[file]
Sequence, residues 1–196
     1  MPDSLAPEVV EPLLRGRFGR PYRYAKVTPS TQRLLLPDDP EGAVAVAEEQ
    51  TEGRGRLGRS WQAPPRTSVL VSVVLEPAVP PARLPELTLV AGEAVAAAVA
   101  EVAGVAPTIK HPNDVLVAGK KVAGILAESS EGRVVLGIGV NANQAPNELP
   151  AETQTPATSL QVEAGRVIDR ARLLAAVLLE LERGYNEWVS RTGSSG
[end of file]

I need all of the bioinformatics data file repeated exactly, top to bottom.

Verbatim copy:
Sequence, residues 1–196
     1  MPDSLAPEVV EPLLRGRFGR PYRYAKVTPS TQRLLLPDDP EGAVAVAEEQ
    51  TEGRGRLGRS WQAPPRTSVL VSVVLEPAVP PARLPELTLV AGEAVAAAVA
   101  EVAGVAPTIK HPNDVLVAGK KVAGILAESS EGRVVLGIGV NANQAPNELP
   151  AETQTPATSL QVEAGRVIDR ARLLAAVLLE LERGYNEWVS RTGSSG